London Heathrow will get its first scheduled link to Orlando, Florida from 2021.
Following Virgin Atlantic withdrawing from Gatwick last week, it has announced which routes will move to Heathrow for the summer 2021 season.
With the airline also announcing that they have retired their Boeing 747 fleet with immediate affect, this could well see the Airbus A350 being used on the route if demand dictates.
Although I highly suspect that the routes moved over from Gatwick will be served by the Airbus A330 fleet as in previous years.
As the Covid-19 crisis stabilises and demand gradually returns, we are looking forward to welcoming our customers back and flying them safely to their favourite destinations. We have taken the opportunity to pause, reflect and reshape our 2021 flying programme looking at efficiencies in our fleet and connectivity across our network, to ensure it is fit for the future, flying to the destinations we know our customers love to fly.Juha Jarvinen, Chief Commercial Officer, Virgin Atlantic
We’re delighted that our popular Tel Aviv service, which launched in September 2019, will now increase to double daily, whilst regional flying from Manchester, Glasgow and Belfast will continue to play an important part in offering choice to customers and connecting UK travellers to Orlando, Barbados, New York and Los Angeles.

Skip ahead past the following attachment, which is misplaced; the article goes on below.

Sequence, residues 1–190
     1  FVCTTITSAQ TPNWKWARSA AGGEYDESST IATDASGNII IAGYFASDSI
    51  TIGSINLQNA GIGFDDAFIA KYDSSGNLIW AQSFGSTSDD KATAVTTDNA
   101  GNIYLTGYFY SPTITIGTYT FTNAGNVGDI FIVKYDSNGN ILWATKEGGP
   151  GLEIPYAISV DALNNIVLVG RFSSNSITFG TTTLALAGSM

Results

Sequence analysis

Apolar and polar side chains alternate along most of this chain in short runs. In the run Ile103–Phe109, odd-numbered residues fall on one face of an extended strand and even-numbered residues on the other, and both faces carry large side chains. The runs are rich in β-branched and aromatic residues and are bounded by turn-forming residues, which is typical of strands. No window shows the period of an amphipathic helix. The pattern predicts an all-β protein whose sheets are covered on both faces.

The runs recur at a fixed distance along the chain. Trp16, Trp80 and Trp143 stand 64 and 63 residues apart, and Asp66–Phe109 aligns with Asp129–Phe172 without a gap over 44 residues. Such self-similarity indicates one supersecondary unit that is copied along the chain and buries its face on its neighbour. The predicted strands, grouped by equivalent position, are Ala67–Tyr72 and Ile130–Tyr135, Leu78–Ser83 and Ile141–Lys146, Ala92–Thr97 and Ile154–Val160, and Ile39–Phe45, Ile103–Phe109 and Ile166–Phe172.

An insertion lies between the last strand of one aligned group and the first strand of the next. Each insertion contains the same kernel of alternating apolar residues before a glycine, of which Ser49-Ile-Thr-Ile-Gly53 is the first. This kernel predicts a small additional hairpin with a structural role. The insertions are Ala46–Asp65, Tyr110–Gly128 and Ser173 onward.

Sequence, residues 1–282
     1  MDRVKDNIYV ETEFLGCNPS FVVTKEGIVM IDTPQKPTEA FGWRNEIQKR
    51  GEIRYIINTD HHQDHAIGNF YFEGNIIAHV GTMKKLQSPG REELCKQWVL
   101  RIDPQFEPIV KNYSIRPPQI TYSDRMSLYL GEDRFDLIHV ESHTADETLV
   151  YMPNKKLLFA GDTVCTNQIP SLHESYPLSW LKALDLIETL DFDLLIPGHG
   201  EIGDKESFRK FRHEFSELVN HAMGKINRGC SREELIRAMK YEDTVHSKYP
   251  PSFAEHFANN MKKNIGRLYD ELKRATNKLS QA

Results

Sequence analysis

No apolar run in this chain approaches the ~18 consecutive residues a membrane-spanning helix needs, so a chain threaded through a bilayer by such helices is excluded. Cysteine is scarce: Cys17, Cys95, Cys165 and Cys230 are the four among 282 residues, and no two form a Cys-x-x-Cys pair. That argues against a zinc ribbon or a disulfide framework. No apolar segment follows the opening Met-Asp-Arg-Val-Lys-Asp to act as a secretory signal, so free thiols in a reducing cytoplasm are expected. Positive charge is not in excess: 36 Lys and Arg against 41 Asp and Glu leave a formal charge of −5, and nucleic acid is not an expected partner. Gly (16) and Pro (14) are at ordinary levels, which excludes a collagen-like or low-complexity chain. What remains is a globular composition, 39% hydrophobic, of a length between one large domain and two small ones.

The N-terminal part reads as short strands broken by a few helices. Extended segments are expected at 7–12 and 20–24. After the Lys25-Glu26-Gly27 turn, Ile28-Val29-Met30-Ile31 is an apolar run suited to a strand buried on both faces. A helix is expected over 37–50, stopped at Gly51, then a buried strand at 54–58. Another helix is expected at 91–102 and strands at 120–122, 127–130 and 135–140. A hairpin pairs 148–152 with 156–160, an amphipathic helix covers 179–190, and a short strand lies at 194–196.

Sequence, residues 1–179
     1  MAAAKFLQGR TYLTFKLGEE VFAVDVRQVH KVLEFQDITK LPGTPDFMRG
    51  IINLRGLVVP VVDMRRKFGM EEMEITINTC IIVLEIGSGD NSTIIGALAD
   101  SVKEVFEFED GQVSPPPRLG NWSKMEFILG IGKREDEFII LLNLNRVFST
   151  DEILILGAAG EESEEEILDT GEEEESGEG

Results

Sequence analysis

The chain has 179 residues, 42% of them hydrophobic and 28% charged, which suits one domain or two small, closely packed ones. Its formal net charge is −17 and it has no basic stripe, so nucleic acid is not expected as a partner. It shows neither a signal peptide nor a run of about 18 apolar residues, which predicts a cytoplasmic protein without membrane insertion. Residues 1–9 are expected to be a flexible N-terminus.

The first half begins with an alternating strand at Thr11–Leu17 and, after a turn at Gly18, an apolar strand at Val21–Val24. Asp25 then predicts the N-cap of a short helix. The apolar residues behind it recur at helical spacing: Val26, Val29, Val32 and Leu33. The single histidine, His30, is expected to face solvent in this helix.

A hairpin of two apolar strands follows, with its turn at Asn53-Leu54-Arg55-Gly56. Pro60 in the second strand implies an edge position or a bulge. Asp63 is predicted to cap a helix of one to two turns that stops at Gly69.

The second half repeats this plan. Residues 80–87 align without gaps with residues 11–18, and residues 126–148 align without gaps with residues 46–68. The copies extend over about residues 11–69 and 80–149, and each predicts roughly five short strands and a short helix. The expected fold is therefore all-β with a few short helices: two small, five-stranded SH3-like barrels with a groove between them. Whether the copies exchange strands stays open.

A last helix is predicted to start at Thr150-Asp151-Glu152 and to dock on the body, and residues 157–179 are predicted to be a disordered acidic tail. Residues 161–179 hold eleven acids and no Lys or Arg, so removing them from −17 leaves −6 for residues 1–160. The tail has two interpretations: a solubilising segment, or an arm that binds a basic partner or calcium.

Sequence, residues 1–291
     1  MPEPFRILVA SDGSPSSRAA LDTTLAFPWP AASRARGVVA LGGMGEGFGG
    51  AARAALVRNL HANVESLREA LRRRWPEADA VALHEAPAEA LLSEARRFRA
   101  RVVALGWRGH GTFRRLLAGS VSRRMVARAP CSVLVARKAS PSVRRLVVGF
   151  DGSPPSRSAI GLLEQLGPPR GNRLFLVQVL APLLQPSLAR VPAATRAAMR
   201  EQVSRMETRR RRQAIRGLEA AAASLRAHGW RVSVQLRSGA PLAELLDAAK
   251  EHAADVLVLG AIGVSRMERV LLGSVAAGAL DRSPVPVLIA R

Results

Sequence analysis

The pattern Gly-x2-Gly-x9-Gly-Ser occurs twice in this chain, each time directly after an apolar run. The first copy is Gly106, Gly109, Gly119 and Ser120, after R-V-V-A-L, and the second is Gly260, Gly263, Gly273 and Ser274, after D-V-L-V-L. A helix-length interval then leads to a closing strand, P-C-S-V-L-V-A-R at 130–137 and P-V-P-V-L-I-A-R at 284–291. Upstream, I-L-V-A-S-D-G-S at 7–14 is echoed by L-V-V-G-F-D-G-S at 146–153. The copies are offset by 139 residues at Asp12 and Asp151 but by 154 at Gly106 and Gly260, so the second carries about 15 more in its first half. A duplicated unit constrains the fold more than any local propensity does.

For the summer 2021 season, Virgin Atlantic will operated the following from London Heathrow:
- Cape Town
- Hong Kong
- Los Angeles
- New York JFK
- Montego Bay
- San Francisco
- Tel Aviv
- Las Vegas
As previously announced, the planned São Paulo route will no longer be taking place.
Why Is This The First Time Heathrow Has Been Linked to Orlando?
Prior to 2008, all airlines were forbidden from flying between London Heathrow and Orlando. This was due to the Bermuda II agreement.
The agreement stated that only Baltimore, Boston, Chicago O’Hare, Detroit, Los Angeles, Miami, New York JFK, Newark, Anchorage, Minneapolis/St. Paul, Philadelphia, San Francisco, Seattle, and Washington-Dulles could be served from London Heathrow. Anywhere else had to be served from the other London airports.
In addition, only four airlines could fly between London Heathrow and the USA. Two from the UK and two from the US. Initially these airlines were British Airways, PanAm and TWA. Fifth freedom flights operated by ElAl, Air India, Kuwait Airways, Iran Air and Air New Zealand were exempt.
By 1991, following the bankruptcy of PanAm, the airlines permitted to fly between London Heathrow and the USA were British Airways, Virgin Atlantic, American Airlines and United Airlines.
In 2008, the Bermuda II agreement was scrapped. This saw American Airlines, Continental Airlines, US Airways and Delta Airlines all leave London Gatwick for Heathrow.
Whilst this meant that any of these airlines (as well as British Airways) could start a Heathrow – Orlando service if they wished, none of them did. Both British Airways and Virgin Atlantic retained their Orlando services at London Gatwick. The only other airline to serve the London – Orlando route is Norwegian, which has their London hub at Gatwick anyway.
Virgin Atlantic flights from Manchester, Belfast and Glasgow are unaffected by the changes further South.
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